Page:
Today we chose Mystic Route 1 as our task, which is a 5 leg 45km task. We chose a 1pm start, and the house thermal was cooking off as usual giving us a fast trip to 2100m. I don't know the valley systems here yet, so I got lost and bombed out just before the last turnpoint. Today was unusual in that there were no clouds.

At Little Pyramid I had a really strong climb that peaked at 1600 ft/min (8m/s), I topped out at 2550m, and my hands were freezing. I risked letting go of the brakes to put the fat gloves on, and the wing stayed open..... A few minutes later I heard someone on the radio say they also got an 8m/s climb. The valley systems here are pretty complex and the wind directions can be hard to figure out, maybe I will have the basics by the time the regional weekend comps start in two weeks.

When we came home a swallow had gotten blown down the chimney and was stuck in the wood burning stove, so we opened all the windows and let it out, the little bird is skying out somewhere right now....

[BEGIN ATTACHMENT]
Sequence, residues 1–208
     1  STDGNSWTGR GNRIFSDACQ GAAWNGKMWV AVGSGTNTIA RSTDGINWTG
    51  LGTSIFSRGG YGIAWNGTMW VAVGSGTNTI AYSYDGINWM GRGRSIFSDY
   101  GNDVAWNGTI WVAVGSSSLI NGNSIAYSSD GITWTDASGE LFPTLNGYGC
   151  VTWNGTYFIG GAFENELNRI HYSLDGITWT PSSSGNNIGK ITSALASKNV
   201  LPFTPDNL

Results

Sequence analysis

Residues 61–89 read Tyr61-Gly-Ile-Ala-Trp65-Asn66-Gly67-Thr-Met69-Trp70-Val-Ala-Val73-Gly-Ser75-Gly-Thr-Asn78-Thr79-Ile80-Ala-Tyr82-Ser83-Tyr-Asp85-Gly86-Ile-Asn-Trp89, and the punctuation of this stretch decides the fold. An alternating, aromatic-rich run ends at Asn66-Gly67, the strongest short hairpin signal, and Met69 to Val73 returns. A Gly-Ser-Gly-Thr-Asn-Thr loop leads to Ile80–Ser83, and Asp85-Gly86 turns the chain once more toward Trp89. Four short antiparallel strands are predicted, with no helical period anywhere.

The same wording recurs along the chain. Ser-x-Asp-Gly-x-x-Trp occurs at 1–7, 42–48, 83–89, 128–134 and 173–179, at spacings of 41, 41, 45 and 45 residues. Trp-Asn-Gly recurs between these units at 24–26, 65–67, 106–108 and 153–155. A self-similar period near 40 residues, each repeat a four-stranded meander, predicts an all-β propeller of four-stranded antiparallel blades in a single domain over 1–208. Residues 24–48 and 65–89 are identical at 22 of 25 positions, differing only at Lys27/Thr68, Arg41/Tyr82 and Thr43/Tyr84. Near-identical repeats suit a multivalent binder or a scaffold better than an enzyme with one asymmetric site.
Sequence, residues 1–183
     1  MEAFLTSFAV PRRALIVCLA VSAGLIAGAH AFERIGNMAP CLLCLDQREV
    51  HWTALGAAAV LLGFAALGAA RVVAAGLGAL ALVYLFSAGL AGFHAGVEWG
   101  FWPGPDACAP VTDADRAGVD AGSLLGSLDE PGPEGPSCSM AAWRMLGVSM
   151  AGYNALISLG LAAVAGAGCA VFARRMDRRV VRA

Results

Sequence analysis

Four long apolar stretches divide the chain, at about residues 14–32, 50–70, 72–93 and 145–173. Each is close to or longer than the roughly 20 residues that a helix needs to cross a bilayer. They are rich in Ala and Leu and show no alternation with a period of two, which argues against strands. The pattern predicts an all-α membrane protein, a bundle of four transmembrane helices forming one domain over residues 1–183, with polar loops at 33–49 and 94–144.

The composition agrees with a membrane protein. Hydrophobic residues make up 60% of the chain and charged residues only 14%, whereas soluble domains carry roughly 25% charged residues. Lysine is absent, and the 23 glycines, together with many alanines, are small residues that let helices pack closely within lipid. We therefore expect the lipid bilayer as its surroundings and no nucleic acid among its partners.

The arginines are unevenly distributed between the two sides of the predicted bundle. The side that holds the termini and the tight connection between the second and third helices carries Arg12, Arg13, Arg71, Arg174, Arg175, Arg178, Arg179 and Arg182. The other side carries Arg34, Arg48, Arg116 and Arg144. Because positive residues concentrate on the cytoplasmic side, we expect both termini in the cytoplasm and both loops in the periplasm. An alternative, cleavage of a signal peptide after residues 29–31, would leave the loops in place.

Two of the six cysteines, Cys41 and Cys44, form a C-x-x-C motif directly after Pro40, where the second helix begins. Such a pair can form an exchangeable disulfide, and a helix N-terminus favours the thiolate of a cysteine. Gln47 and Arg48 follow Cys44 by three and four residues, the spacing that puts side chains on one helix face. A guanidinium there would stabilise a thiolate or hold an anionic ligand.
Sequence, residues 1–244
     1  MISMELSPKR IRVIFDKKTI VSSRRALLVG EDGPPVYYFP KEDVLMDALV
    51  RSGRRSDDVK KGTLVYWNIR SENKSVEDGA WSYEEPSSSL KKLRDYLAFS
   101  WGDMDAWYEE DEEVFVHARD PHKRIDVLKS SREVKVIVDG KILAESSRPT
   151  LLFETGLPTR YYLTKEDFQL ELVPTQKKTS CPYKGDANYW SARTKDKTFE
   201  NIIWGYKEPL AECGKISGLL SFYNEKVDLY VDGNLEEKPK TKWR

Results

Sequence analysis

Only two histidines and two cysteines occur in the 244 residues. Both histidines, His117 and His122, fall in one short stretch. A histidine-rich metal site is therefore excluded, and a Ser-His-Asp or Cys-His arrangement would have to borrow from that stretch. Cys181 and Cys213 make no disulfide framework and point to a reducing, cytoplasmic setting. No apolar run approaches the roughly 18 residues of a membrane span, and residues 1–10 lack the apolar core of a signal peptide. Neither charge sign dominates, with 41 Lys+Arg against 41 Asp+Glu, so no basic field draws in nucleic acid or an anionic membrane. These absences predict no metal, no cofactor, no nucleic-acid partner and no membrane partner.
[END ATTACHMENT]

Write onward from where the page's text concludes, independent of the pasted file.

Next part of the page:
Monday, November 06, 2006


Australian Lore for the Day:
One day, when the nuclear missles fly in every direction over our planet and the radioactive cloud of destruction settles, there will be two creatures remaining: the cockroach and the Australian Blowfly. Aussies call them Blowies, and one species lays its eggs on the backside of sheep, the resulting maggots actually burrow through the body wall of the sheep, eating them alive and eventually causing death. The cockroaches might have a rough time of this.

Back to Paragliding:
The upcoming Paragliding World Championships happens in February in Manilla, Australia. The number of pilots from each country depends on the country's WPRS rank - Australia is ranked 5th and the USA is ranked 16th. Basically this means Australia will have more pilots present at the Worlds than the Americans.
Bright Flight Report:
Yesterday the wind was a bit strong for midday flying, but a glider or two was seen pitching around off launch. Last weekend we had a fly-in called "Not the Vic Open" here in Bright. Lots of wings in the air, lots of thermal markers to choose from. Today the wind is strong and south, so we are grounded...

Sunday, November 05, 2006

Route 7 is busting my balls

Australian Lore for the Day:
More about wombats: If you took a guinea pigs face and stuck it on an 80 pound grizzly bear, you would have an Australian common Wombat, not to be confused with the hairy nosed wombat, as they have a hairy pig's snout stuck on their face. Wombats are elusive little criters, but their poo is not - it's everywhere. Now on to the important stuff.

Flight Report: